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A Magazine Curated By: Stephen Jones

The Doodles of Prominent Designers Punctuate the Latest Installment of the Intimate Fashion Title

A fantasy jet by Marc Newson, sunglasses by Ron Arad and a Zaha Hadid illustrated vortex all feature in “Objects on Paper,” a story from the latest issue of A Magazine Curated By. This edition of the fashion title—which asks a different designer to sculpt its contents for each instalment—is the creation of Stephen Jones, a London-based milliner who has made headpieces for the likes of Björk and Grace Jones and collaborated with designers including Christian Dior, Balenciaga and Marc Jacobs. As curator, Jones dedicated his issue to his muse, the legendary hat-wearer and Italian fashion writer Anna Piaggi, whose kaleidoscopic sartorial style has been much missed on the front row of fashion défilés since her death at the age of 81 last year. Now in its 12th edition, the Belgian-published tome explores its curators’ individual worlds, celebrating their ethos. Jones mined his erudite address book to compile the magazine, which also features Jake & Dinos Chapman, Hamish Bowles and Giles Deacon between its richly printed pages. “It is about finding the right time to work with various people on our radar—catching some at the emerging stage, or others when they are firmly established,” says the magazine’s Editor in Chief Dan Thawley. “We always look for a designer with something to say off the runway.” 

How did you first get involved in guest editing this issue? 
Stephen Jones: I was in Florence at lunch with Linda Loppa, the director of the fashion school Polimoda and her husband Dirk van den Eynden who is the director of A Magazine Curated By. She suggested to us that I create an issue. I was delighted but scared because I’d always respected it since the first issue came out 10 years ago—but following in the footsteps of Margiela and Yohji, wow! 

What was the most memorable moment from the whole experience? 
SJ: I think visiting Howard Tangye in his studio. He is such an extraordinary illustrator and fashion authority but when I saw that the illustrations that he was working on were almost lifesize portraits I could not believe it. The artistry, the commitment, the work—it was an honor to be there. 

Could you tell us about your relationship with Anna Piaggi
SJ: Anna was like my second mother. We met with Manolo [Blahnik] when she was editing Vanity magazine in Italy in the early 80s. It was a story about hats and shoes photographed in the Portobello Hotel by her husband Alfa Castaldi. Since then we became inseparable but I always knew it was mainly because I’m a milliner, not only that we were good friends! I think she is still a magical and iconic figure, like Diana Vreeland or Coco Chanel.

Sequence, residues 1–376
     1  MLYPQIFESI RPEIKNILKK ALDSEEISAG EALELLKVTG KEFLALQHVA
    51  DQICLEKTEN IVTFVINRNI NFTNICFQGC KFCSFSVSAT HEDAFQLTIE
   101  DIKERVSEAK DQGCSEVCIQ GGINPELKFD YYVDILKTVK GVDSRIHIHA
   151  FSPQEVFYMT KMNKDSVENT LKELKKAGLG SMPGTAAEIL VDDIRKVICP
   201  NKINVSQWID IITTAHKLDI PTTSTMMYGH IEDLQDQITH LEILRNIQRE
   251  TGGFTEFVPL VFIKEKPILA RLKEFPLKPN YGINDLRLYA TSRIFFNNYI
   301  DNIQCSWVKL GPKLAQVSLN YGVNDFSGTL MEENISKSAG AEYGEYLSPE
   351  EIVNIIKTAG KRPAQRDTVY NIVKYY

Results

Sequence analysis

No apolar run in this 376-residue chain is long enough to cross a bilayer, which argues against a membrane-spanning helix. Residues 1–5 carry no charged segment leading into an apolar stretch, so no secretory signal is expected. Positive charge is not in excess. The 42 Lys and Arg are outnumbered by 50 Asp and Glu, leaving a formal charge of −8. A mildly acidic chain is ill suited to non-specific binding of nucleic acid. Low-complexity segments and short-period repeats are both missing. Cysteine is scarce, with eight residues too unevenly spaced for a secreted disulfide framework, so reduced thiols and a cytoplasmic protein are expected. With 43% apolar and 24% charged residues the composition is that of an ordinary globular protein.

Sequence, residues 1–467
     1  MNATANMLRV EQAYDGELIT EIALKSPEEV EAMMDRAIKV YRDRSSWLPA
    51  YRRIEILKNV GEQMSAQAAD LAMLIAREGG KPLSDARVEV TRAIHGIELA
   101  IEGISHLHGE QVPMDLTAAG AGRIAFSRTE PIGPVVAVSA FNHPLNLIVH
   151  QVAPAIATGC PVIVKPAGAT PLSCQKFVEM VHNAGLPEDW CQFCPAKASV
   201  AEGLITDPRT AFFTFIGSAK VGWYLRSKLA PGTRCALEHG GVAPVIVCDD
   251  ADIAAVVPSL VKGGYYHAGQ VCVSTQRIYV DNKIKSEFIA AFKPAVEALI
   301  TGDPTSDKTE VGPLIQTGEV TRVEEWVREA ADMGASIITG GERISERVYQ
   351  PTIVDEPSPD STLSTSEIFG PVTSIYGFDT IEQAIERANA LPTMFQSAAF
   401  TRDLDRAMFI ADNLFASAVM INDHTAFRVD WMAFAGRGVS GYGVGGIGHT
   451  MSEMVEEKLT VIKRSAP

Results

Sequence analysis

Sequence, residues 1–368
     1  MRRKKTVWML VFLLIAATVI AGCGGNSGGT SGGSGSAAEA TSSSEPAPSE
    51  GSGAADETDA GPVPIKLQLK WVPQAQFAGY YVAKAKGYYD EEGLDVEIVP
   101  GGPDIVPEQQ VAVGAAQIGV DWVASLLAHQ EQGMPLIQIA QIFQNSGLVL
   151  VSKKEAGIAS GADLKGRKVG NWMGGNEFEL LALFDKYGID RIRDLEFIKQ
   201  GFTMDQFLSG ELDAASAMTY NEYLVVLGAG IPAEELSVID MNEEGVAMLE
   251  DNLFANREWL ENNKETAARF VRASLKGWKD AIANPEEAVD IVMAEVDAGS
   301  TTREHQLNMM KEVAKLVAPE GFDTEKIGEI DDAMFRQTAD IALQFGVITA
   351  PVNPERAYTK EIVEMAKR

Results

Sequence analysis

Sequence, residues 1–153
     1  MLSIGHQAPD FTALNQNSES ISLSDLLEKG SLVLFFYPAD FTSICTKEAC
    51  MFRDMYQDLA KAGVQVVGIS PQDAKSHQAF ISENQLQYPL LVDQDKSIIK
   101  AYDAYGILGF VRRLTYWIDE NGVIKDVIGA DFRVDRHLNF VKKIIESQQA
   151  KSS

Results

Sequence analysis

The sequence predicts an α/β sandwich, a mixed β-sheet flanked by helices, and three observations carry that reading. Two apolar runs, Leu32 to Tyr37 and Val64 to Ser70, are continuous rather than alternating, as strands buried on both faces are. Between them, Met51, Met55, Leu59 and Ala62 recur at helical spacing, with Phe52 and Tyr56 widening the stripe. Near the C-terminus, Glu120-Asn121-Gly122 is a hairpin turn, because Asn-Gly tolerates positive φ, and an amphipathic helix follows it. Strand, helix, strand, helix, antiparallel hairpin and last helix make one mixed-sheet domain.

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    Bjarke Ingels: High Riser

    The Danish Architect Provokes BIG Questions During the Venice Biennale Architectura 2012

    Young starchitect Bjarke Ingels talks manifestation, midwifery and shamanism while riding down the Venice canals in this short by Kelly Loudenberg. Known for his impressive architectural endeavors like a state-of-the-art waste-to-energy power plant in Copenhagen that will be outfitted with an outdoor ski slope for use during Nordic winters, and the 8 House apartment complex just outside the Danish capital that allows residents to bike all the way up to their top floor apartments, Ingels is a vocal advocate for “hedonistic sustainability” and was recently profiled in The New Yorker. “Find a job you love and you won’t have to work another day in your life again,” advises the young creative. “If you let your desire guide you, if you take decisions with your heart and with a smile on your face, they are probably wiser decisions in the long run.” In Venice as a contributor to the Danish pavilion exploring future visions of Greenland, Ingels together with his firm BIG (Bjarke Ingels Group) proposed Air + Port, a mixed-use air and sea hub on the island of Angisunnguaq. Now based in New York, Ingels is currently working on his first American project, a residential building in Hell’s Kitchen called W57 that will occupy an entire block and add a distinct, sloped pyramid-shaped silhouette to the Manhattan skyline. Here the dynamic Dane considers alternate career paths, architectural envy, and kittens.